[Tribeca Film Festival Movie Review]
This 2009 independent sci-fi thriller is directed by first time feature film length director Duncan Jones (who made a bunch of French Connection clothing line commercials) and stars Sam Rockwell as Sam Bell, a solitary man who is contracted by the company Lunar to mine on the moon for a natural gas which reverses Earth’s energy crisis. His 3 year contract will soon be up in two weeks and he’s looking forward to finally heading back to Earth to be with his family again. However, fate has other plans for him and after an extraction goes wrong, Sam begins to suspect that Lunar may be trying to replace him after he notices someone else is with him on the moon.
Now out of all the films featured at this year’s Tribeca Film Festival, this film was the one I was looking most forward to. It has gotten rave reviews ever since it premiered at this year’s Sundance, and from what I could gather from the trailer, Moon looked like a throwback to the sci-fi films of yesteryear, a slow, methodical and brooding look at how loneliness and paranoia can strike when we least expect it. So now after seeing this movie I can say that it lived up to my initial impressions, but was so much more, and in a lot of ways so much more amazing than I could have imagined.
The first thing that will strike you about this film is how amazing it looks. The physics and the use of gravity on the moon seem dead on, and the beauty of the sun rising over the barren landscape of the surface of the moon looks mesmerizing. There are these simple shots of Sam Bell driving his lunar car in order to repair things on the base and everything looks breathtaking, from the machines to the craters on the surface, to the dust flying, to the overall interior of the moon base. I was just really impressed with how everything looked in the film. And then during the Q&A after the film, the director was asked how much the film cost and he said, 5 million- 5 million to make this film that look like it cost 10 times more. It goes to show you that a small budget is no excuse for a poor film. If you’re smart enough, and driven enough, you can make a small budget go a long way. I mean Robert Rodriguez has made a whole career of it.
This film reminded me a lot of the Twilight Zone episode The Lonely Planet about an inmate who gets sent to a far off planet as a prison sentence to live alone. His only companion is a robot and he dreams of returning to Earth. However in the tv show, the guy is sent there as a prisoner to serve his term, but in Moon Sam Bell goes willingly for 3 years, leaving his family behind in order to mine a dead rock by himself until his contract is up. I think it’s really an interesting concept, how much money is your time worth, and is any amount worth being alone for 3 years?
However, the film is also a thriller, and when Sam Bell comes in contact with the other person on the Moon, things kick up into high gear. Now, before I sat down to write this review, I thought about how much to say, because it’s really hard to talk about Moon without giving anything away. However, I really feel that going into this film with an open mind and not knowing anything more than its surface plot will really add to your initial impression of the film, so we won’t really get into the nuts and bolts about the plot. All I’ll say is, the movie just slowly moves along, as we watch a man anticipating finally returning home after 3 years, and then when the conflict comes, man does it hit. It’s like going for a Sunday stroll and then having to run for your life. Man does it get good.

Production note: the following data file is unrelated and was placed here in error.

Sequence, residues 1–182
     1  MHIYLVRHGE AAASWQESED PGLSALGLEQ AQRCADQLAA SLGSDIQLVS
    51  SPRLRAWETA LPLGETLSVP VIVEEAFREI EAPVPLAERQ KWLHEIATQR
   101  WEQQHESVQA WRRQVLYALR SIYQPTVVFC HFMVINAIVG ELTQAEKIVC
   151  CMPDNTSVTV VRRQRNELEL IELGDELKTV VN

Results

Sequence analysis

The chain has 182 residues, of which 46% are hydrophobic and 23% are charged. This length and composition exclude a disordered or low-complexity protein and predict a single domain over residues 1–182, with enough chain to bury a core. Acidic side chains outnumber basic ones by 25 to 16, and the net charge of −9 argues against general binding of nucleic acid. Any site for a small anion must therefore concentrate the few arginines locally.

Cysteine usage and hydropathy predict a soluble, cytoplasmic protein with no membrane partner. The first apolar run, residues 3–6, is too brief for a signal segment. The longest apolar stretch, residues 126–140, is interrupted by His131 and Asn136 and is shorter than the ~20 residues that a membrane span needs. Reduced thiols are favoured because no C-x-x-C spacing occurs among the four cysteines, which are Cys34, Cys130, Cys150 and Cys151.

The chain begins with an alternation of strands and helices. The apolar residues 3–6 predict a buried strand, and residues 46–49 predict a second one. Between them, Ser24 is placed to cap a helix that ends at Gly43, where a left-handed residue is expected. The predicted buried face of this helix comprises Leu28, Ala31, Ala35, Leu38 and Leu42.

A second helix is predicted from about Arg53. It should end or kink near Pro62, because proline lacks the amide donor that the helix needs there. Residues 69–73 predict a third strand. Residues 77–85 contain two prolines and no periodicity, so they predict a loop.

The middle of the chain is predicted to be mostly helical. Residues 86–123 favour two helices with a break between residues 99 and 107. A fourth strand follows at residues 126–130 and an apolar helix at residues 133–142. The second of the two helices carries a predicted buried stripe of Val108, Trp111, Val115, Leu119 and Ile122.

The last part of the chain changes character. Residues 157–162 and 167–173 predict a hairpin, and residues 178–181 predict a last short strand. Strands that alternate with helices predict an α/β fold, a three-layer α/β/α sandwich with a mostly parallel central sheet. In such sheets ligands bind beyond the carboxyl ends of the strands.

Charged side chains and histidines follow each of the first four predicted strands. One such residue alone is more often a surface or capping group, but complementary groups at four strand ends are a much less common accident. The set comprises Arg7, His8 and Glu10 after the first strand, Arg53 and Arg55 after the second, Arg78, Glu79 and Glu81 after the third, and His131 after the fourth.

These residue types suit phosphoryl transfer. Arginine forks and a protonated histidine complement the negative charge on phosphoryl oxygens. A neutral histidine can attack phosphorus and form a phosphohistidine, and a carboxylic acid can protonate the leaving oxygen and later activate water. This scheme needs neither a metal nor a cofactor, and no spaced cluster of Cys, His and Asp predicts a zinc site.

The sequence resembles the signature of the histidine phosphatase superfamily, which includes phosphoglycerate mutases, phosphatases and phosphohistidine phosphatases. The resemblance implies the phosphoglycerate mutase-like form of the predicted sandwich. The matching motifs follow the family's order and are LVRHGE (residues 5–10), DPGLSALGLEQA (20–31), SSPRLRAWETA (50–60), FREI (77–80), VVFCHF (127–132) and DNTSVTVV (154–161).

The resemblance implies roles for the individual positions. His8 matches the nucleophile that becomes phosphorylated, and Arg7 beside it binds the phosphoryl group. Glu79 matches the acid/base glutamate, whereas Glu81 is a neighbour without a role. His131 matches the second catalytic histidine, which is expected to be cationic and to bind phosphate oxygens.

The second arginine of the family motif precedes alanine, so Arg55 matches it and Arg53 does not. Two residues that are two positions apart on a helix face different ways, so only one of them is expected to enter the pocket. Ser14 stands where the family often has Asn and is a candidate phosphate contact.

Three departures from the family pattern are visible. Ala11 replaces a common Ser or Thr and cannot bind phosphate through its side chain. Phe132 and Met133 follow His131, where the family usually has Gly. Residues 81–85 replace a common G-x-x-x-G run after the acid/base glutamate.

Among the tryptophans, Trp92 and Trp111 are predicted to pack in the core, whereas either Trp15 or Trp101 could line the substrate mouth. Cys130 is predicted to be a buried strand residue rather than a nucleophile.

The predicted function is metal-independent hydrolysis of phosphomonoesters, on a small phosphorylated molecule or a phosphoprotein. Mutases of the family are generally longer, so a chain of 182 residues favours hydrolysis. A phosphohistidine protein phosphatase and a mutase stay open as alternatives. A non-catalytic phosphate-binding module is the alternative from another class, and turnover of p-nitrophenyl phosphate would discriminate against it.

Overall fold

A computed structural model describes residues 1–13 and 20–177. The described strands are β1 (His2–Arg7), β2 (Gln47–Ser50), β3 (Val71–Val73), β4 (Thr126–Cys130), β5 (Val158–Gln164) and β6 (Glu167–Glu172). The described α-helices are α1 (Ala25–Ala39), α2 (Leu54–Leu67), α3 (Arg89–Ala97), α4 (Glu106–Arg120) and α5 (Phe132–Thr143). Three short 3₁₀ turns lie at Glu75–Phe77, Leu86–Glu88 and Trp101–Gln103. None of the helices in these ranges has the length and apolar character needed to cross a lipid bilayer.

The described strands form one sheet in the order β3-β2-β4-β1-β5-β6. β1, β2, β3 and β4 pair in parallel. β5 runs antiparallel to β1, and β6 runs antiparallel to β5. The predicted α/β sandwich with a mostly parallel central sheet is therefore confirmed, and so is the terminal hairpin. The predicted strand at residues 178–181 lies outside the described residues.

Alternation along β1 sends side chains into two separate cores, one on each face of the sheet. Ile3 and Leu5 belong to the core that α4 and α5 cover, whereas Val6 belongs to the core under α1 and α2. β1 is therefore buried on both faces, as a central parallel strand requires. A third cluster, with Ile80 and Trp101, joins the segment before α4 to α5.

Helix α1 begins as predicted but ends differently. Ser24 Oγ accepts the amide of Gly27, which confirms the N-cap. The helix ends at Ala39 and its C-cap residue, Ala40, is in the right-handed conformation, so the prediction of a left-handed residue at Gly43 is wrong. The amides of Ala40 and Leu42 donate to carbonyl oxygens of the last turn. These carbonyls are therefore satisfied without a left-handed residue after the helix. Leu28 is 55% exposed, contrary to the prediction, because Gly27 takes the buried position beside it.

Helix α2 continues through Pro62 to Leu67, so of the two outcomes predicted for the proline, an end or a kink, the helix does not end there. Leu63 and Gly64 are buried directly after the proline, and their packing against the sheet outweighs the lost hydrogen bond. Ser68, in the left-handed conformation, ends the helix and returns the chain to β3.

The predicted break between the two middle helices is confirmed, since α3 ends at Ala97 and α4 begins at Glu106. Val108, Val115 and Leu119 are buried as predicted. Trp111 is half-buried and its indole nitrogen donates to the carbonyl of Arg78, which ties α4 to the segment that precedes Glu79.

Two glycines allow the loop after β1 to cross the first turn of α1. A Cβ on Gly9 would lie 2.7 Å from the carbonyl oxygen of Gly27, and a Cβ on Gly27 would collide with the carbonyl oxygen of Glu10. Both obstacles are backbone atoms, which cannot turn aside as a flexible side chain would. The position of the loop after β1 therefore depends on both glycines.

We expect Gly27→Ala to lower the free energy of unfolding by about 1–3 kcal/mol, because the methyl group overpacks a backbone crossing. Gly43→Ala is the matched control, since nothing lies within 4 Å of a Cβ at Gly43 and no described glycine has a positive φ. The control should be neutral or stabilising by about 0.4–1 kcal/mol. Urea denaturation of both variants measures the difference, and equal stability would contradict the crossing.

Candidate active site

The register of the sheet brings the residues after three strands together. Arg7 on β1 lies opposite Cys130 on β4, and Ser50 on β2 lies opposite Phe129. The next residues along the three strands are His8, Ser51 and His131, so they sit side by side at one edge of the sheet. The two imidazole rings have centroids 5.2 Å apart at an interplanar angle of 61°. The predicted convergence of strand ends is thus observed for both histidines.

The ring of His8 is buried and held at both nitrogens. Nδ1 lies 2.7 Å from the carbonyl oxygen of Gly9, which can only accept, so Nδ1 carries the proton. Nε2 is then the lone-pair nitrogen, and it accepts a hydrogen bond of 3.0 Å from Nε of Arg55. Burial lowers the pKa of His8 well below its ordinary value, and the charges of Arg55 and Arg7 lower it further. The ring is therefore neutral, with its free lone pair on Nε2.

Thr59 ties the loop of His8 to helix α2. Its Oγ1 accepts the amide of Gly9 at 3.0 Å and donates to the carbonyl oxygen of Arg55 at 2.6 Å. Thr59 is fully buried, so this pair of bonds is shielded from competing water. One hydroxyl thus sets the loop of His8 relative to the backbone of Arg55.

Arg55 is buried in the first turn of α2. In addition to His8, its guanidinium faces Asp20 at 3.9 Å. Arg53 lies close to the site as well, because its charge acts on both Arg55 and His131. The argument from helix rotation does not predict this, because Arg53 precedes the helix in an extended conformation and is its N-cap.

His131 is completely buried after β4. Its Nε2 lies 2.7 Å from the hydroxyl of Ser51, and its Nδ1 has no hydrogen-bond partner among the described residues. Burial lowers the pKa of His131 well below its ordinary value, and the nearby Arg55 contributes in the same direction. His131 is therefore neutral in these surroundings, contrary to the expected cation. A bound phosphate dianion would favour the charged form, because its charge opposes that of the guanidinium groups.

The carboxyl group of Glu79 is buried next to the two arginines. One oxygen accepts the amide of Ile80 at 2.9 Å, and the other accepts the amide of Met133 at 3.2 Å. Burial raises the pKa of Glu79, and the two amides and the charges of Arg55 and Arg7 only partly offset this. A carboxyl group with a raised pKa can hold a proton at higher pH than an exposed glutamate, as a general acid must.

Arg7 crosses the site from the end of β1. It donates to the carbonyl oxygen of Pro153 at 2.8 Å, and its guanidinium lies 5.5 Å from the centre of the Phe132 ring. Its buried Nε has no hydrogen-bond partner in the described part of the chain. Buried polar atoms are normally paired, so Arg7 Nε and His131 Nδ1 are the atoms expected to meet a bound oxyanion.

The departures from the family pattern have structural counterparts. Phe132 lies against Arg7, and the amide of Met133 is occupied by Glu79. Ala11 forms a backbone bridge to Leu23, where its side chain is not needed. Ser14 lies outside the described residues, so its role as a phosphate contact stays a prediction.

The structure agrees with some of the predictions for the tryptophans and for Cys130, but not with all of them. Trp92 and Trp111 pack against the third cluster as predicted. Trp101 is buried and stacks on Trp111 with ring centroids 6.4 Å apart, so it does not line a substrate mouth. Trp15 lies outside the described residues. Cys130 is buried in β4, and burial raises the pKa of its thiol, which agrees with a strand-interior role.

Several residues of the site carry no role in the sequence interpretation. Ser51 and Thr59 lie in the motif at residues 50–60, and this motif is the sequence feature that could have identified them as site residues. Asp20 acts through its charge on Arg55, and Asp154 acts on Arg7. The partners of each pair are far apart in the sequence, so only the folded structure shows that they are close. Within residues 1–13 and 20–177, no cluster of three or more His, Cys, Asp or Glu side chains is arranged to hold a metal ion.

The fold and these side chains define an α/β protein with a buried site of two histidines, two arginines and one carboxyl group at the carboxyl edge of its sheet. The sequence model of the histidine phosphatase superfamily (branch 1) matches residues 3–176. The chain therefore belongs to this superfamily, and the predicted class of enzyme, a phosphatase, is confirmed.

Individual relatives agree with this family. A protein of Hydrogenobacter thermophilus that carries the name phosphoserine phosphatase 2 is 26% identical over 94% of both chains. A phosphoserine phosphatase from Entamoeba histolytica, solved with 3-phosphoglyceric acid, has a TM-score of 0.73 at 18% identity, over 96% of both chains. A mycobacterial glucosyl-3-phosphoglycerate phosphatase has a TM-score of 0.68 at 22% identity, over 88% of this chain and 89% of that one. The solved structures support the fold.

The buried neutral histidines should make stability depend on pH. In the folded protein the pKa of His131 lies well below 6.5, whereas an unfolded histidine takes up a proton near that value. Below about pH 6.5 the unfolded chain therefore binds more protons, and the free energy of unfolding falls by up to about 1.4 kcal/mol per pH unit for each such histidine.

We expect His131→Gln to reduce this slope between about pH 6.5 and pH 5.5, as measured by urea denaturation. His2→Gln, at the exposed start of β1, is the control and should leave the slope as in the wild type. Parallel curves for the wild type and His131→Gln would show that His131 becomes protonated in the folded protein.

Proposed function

A little about the acting. This movie is a tour-de-force since it’s predominantly a one man show piece. Again, don’t want to give anything away, but this gives new meaning to talking to yourself. Sam Rockwell has always been one of my favorite actors, but he’s amazing here. I mean, best performance of the year for me so far. He embodies every single emotion, never overacting, silently crumbling, quietly dying inside. You have to buy his total performance or this film would instantly fail and let me tell you, you’ll buy it and whatever else Rockwell is selling. Even better is that during the Q&A, the director spoke how he specifically wrote the film with Rockwell in mind. Now I don’t know why, but Rockwell is a great choice of inspiration for this film.
Moon also brings up a lot of ethical questions, on memory, personality; souls and individuality that I think are nicely done. That’s why I’ve also loved sci-fi films, they can delve into a lot of personal and philosophical ideals that are difficult to do in other types of genres. You can tell that this movie draws its inspirations from Outland, 2001 A Space Odyssey, Solaris, and definitely Silent Running. Out of those 4 films, my favorite has always been Solaris, but each, besides Connery’s Outland, are classics in the genre and should definitely be seen. If you watch Moon and haven’t seen the 4 films I’ve just listed, you should go back and watch them. I think you’ll get a more detailed overall impression of Moon and how it came to be after.
This is a really moving piece of sci-fi art. Like how 2001 A Space Odyssey was a slow burn that transcended the genre, Moon may not do that, but it’s still high art and leaps and bounds ahead of many of the sci-fi crap we get these days: Mansquito anyone? So I give this a “bring your lunch from home because you do not want to miss this one.” Sony Pictures Classic will be releasing this in June and I will remind everyone then and urge everyone to see it. If you’re looking for something fresh and engaging, Moon will definitely fill that need.